''Beauty lies in the details of the grandest structures, and the very finest''.

A nun's word of comfort : You are going to die'. A sister with a taste for punk believes in facing dark realities.

Before she entered the Daughter of St. Paul convent in 2010, Sister Theresa Aletheia Noble, read a biography of the order's founder, an Italian priest who was born in the 1880s.

He kept a ceramic skull on his desk, as a reminder of the inevitability of death. Sister Aletheia, a punk fan as a teenager, thought the morbid curio was ''super punk rock,'' she recalled recently. She thought vaguely about acquiring a skull for herself someday.

These days, Sister Aletheia has no shortage of skulls. People send her skull mugs and skull rosaries in the mail and share photos of their skull tattoos. A ceramic skull from a Halloween store sits on her desk. Her Twitter name includes a skull and crossbones emoji.

That is because since 2017, she has made it her mission to revive the practice of ''momento mori,'' a Latin phrase meaning ''Remember Your Death.'' The concept is to intentionally think about your own death every day, as a means of appreciating the present and focusing on the future.

It can seem radical in an era in which death - until very recently - has become so easy to ignore.

''My life is going to end, and I have a limited amount of time,'' Sister Altheeia said. ''We naturally tend to think of our lives as a kind of continuing and continuing.''

Sister Aletheia's project has reached Catholics all over the United States, via social media, a momento mori prayer journal - even merchandise emblazoned with a signature skull. Her followers have found unexpected comfort in grappling with death during the coronavirus pandemic.

''Momento mori is : Where am I headed, where do I want to end up?'' said Becky Clements, who coordinates religious education at her Catholic parish in Lake Charles, La., and has incorporated the idea into a curriculum used by other parishes in her diocese.

''Momento mori works perfectly with what my students are facing, between the pandemic and the massive hurricanes.''

Ms. Clements keeps a large resin skull on her own desk, inspired by Sister Aletheia.

Sister Aletheia rejects any suggestion that the practise is morbid. Suffering and  death are facts of life; focusing only on the ''bright and shiny'' is superficial and inauthentic. ''Why try to suppress the thought of death, or escape it, or run away from it because we think that's where we'll find happiness,'' she said.

''But it's actually in facing the darkest realities of life that we find light in them.''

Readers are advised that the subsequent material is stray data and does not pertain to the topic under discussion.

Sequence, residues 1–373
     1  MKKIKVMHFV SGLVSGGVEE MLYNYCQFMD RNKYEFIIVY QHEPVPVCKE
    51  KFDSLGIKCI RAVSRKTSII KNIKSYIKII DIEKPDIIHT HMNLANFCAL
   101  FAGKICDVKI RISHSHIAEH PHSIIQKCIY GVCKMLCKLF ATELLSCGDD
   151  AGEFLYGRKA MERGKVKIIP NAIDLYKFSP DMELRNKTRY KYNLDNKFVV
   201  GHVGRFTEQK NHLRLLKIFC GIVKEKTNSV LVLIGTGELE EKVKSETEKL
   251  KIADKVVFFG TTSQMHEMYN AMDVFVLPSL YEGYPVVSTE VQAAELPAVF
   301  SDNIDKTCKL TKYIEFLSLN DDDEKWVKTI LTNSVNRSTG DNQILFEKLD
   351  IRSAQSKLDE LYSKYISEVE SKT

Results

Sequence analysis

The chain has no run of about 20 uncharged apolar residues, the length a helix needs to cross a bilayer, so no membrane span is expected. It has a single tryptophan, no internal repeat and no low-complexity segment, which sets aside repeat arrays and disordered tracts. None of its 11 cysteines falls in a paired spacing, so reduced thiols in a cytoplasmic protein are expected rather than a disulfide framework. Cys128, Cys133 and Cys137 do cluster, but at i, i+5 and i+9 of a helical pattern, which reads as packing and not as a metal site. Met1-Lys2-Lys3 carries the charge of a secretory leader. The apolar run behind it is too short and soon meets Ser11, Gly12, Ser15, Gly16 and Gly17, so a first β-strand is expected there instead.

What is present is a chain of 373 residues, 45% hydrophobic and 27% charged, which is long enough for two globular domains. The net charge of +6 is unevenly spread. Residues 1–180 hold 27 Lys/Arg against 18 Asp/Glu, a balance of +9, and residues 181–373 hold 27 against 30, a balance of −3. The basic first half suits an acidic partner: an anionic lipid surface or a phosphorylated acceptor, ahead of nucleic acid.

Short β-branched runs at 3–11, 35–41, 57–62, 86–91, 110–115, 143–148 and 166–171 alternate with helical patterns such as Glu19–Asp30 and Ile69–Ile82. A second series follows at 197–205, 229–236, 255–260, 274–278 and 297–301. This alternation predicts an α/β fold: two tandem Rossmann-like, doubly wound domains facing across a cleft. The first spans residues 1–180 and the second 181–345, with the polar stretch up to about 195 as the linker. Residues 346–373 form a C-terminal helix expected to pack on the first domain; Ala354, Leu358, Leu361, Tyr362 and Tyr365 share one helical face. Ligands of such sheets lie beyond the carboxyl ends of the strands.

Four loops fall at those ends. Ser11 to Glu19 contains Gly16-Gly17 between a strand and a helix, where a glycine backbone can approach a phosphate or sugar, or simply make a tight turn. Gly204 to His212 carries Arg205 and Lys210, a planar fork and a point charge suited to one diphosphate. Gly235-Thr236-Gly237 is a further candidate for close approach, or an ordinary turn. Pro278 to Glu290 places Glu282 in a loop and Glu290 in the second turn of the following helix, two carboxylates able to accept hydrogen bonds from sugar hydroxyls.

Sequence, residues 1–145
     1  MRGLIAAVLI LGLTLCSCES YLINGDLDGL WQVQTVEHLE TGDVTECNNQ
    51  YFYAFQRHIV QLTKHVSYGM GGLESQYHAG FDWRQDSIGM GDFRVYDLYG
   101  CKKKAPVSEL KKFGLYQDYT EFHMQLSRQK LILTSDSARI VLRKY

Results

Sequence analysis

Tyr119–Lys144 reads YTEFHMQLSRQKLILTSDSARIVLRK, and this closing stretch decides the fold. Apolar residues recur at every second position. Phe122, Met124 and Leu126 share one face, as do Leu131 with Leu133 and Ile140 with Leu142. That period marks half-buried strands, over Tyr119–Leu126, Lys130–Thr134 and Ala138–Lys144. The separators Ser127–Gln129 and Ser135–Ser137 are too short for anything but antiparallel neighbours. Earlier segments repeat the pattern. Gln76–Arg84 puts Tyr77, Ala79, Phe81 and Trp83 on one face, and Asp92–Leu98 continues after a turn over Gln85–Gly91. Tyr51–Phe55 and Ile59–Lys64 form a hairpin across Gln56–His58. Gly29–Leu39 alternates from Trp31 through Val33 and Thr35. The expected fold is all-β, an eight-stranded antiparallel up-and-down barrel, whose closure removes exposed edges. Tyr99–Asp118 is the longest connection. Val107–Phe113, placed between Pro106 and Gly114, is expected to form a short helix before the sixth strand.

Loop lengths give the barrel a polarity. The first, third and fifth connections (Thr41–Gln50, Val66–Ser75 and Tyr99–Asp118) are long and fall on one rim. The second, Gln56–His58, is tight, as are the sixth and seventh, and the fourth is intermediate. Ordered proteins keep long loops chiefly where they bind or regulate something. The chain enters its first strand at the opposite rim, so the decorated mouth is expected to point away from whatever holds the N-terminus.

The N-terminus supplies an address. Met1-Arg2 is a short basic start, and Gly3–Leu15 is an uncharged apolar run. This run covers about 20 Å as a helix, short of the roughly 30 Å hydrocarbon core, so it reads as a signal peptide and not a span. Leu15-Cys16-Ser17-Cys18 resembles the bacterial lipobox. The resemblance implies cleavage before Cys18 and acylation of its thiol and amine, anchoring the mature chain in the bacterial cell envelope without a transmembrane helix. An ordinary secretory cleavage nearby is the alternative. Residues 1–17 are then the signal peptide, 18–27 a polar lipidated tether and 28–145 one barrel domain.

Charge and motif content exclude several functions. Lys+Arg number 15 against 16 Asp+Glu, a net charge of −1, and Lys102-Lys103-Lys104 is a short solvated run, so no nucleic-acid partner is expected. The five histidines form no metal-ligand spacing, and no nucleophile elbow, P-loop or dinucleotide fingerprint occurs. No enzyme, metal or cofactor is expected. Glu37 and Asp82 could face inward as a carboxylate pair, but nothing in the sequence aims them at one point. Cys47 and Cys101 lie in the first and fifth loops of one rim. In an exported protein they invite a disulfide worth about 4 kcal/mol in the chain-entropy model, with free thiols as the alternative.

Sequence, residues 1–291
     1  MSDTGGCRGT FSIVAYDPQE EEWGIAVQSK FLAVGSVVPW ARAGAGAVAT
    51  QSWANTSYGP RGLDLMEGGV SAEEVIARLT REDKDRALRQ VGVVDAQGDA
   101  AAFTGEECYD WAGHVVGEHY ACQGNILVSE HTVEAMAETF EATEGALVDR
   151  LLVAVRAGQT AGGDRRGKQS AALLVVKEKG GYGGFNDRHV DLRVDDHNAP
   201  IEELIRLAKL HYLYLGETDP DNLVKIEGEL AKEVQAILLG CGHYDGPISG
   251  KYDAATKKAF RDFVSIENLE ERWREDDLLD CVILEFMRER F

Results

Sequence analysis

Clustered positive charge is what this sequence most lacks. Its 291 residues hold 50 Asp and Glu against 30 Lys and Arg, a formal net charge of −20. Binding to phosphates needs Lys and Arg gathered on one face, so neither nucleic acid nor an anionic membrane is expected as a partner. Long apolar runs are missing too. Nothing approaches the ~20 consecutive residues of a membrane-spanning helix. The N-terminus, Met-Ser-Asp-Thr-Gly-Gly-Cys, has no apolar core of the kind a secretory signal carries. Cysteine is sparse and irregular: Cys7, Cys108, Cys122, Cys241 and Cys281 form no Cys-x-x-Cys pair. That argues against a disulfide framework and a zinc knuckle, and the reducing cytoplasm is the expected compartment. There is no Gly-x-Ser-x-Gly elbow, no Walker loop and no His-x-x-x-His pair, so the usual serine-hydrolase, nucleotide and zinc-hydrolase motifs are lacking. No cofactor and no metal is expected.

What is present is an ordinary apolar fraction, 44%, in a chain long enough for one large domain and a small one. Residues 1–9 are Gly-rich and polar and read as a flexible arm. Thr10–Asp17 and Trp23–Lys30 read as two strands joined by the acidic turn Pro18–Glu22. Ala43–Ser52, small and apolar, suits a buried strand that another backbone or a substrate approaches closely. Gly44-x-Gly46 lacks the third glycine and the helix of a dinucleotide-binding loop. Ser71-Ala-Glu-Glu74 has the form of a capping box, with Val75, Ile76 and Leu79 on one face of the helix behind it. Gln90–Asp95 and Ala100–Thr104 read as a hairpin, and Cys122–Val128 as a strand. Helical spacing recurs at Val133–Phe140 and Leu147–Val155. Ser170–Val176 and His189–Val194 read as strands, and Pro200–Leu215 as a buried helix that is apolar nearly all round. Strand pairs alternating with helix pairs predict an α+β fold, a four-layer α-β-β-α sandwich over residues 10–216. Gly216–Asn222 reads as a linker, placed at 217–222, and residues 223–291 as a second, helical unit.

The practice of regular meditation on death is a venerable one. Saint Benedict instructed his monks in the sixth century to ''keep death daily before your eyes,'' for example. For Christians like Sister Aletheia, it is inextricable from the promise of a better life after death.

But the practice is not uniquely Christian,. Mindfulness of death is a tradition within Buddhism, and Socrates and Seneca were among the early thinkers who recommended  ''practising'' death as a way to cultivate meaning and focus. Skeletons, clocks and decaying food are recurring motifs in art history.

For  almost all of humanity's history, people died at a younger age than we do now, more frequently died at home and had less medical control over their final days.

Death was far less predictable, and far more visible. ''To us death is exotic,'' said Joanna Ebenstein, founder of the Morbid Anatomy, a Brooklyn-based enterprise that offers events and books focused on death, art and culture. But that's a luxury particular to our time and place. 

The pandemic, of course, has made death impossible to forget. Since last spring, Ms. Ebenstein has conducted a series of memento mori classes online, in which students explore the global history of representations of death and then create their own.

Final projects have included a miniature coffin, a series of letters to be delivered postmortem and a deck of tarot cards composed of photographs taken by a husband who recently  died

''For the first time in my lifetime, this is a topic not just interesting to a bunch of hipsters,'' Ms. Ebenstein said. ''Death is actually relevant.''

The World Students Society thanks author Ruth Graham.


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